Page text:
Andrew Lippa: From The Addams Family on Broadway to Texas State in San Marcos

Broadway composer Andrew Lippa -- of Addams Family fame -- is in San Marcos this week; his first pass through after being named Texas State's first composer-in-residence.

He's assessing the singing and other performance capabilities of students in the musical theater program there not just for grins or to spend time with his longtime pal Kaitlin Hopkins, who heads the musical theater program at the school, but because he's been commissioned to write a work that the students will then perform.

"When I go away and begin to work, I will have a piece that students are capable of doing, that might actually challenge them, that would be a real educational experience for them."

The biggest attraction of working with a student group? All the bodies, Lippa said. "I can do something that I can hardly do in the professional world. It's not common in the musical theater anymore to have 35 people in your show."

Lippa, who started out as a voice major at the University of Michigan, and was going to sing opera, took a career turn while still in undergrad when friend Jeffrey Seller (who grew up to be a producer of Rent and In the Heights) suggested they write a musical together.

They did, and Lippa decided it was more fulfilling for him creatively to write than sing. He still sings; he performed at a number of places including Carnegie Hall. And he conducts. He also has been musical director for Kristin Chenoweth's concerts and wrote the song "My New Philosophy" for her in the revival of You're a Good Man Charlie Brown. He also wrote the music in 2007 for the Broadway play The Farnsworth Invention by Aaron Sorkin.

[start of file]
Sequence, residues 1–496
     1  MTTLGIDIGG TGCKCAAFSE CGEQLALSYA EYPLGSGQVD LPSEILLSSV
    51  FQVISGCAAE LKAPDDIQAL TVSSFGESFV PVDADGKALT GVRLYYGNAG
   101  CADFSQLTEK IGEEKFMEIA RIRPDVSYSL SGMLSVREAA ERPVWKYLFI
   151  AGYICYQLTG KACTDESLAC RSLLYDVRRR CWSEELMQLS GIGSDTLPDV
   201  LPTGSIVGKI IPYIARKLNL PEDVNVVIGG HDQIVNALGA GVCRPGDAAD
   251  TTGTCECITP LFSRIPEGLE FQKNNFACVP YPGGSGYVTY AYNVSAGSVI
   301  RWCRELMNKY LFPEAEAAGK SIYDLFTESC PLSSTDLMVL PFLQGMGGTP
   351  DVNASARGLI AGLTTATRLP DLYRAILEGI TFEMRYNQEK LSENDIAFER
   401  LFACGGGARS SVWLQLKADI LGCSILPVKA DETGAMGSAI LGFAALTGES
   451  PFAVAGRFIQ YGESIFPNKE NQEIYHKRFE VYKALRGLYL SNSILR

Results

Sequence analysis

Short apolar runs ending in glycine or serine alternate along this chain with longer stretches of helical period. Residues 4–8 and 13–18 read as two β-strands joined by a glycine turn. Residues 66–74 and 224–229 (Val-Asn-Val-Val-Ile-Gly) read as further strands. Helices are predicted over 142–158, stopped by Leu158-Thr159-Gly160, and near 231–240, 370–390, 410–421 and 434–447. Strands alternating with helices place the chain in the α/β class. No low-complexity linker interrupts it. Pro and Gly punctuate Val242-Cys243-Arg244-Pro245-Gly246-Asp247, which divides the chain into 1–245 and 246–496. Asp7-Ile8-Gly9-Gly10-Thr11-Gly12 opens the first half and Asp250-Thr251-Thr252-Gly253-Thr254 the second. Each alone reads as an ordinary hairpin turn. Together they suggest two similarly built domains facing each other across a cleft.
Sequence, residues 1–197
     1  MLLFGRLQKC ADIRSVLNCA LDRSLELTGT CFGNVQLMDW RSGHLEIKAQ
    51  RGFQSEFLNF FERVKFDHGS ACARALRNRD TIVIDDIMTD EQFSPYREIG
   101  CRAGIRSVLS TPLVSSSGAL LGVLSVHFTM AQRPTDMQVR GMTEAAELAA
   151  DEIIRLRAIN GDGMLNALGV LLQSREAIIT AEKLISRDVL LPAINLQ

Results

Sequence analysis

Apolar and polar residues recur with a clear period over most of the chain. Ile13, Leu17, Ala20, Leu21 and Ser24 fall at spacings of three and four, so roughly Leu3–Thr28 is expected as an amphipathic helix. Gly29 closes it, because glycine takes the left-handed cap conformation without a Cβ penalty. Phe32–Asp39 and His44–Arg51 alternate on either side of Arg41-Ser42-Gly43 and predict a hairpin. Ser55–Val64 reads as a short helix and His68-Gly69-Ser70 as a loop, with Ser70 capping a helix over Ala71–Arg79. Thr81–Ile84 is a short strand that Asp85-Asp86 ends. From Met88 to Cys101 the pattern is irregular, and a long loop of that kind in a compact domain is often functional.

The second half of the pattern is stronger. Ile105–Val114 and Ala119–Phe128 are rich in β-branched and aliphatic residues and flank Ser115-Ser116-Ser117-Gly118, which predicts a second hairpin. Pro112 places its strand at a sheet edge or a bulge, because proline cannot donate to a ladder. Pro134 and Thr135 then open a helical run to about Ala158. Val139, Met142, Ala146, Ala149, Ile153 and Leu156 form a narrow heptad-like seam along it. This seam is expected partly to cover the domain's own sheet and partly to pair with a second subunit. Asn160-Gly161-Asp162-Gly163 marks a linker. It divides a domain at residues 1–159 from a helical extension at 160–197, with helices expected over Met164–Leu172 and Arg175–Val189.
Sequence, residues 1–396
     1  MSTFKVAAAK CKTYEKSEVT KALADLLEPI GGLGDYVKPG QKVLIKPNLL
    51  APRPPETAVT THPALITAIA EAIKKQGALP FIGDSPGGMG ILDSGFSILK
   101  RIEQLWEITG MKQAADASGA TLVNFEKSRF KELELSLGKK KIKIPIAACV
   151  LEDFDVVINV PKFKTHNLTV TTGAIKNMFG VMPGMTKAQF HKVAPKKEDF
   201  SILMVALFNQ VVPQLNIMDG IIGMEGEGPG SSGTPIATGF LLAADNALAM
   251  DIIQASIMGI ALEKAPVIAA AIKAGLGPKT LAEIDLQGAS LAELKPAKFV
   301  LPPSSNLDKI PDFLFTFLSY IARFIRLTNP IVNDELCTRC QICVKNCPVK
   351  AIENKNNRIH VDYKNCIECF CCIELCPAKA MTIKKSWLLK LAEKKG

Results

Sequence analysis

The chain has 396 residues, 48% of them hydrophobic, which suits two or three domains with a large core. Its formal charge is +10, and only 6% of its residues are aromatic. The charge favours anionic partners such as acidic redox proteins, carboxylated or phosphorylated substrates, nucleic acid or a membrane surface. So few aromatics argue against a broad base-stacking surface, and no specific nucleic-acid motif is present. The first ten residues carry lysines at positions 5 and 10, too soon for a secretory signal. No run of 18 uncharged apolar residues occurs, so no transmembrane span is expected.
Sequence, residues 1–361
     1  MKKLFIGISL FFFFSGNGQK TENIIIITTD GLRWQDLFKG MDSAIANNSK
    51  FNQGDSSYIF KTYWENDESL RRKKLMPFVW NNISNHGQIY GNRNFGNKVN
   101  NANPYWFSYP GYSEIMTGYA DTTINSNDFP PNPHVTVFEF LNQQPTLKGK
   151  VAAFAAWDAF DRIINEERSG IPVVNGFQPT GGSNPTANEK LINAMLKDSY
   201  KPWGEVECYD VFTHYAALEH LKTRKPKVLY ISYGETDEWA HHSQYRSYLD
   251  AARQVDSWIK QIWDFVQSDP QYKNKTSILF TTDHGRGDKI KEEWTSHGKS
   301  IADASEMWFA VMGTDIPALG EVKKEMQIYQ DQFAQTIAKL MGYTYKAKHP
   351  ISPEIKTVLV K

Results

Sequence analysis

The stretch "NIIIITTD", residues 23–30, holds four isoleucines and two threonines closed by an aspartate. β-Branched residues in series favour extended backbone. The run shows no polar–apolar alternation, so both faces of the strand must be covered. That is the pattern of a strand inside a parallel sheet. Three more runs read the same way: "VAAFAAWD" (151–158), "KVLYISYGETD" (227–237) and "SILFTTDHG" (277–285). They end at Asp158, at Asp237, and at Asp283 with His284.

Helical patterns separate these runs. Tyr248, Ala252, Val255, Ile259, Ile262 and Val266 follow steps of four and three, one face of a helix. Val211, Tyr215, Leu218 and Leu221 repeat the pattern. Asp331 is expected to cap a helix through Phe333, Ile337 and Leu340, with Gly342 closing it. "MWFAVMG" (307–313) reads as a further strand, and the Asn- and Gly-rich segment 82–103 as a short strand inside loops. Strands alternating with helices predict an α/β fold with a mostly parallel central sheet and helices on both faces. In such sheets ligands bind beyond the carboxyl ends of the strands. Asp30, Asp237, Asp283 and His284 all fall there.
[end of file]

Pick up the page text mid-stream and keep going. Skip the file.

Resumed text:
Lippa says he works hard to try to not be intimidating to students. "I've managed to work in at some point that I'm just a guy, I'm just a person like them. They're certainly intimidated initially. But they're not intimidated because of me, [it's] because of what they've made up in their heads about me."

"I worked with the juniors yesterday and they would each get up and sing a song, and I would work with their performance and talk about how they might improve what they're doing," Lippa told Art Attack earlier this week. "Then they got up and sang one of my songs which was probably particularly terrifying for them."

As recipient of the Harrison New Music Work Commission, Lippa said he'll probably be back and forth to San Marcos two or three times before the work is completed. As to when that will be, he doesn't know; they're trying to schedule that around his other projects such as Addams Family's national tour starting next September (there will be some alterations, he said), and a new Broadway production which he would only refer to as Project X.

This isn't the first time he's worked with a student group. He worked with a similar project at Northwestern University to produce his musical Asphalt Beach. Stuart Oken, who established the American Music Theatre Project at Northwestern, had the rights to Addams Family, and asked Lippa to write the music for it.

"It came out of my working in a university setting. Maybe lightning will strike twice. And it'll happen by being here at Texas State," Lippa said.

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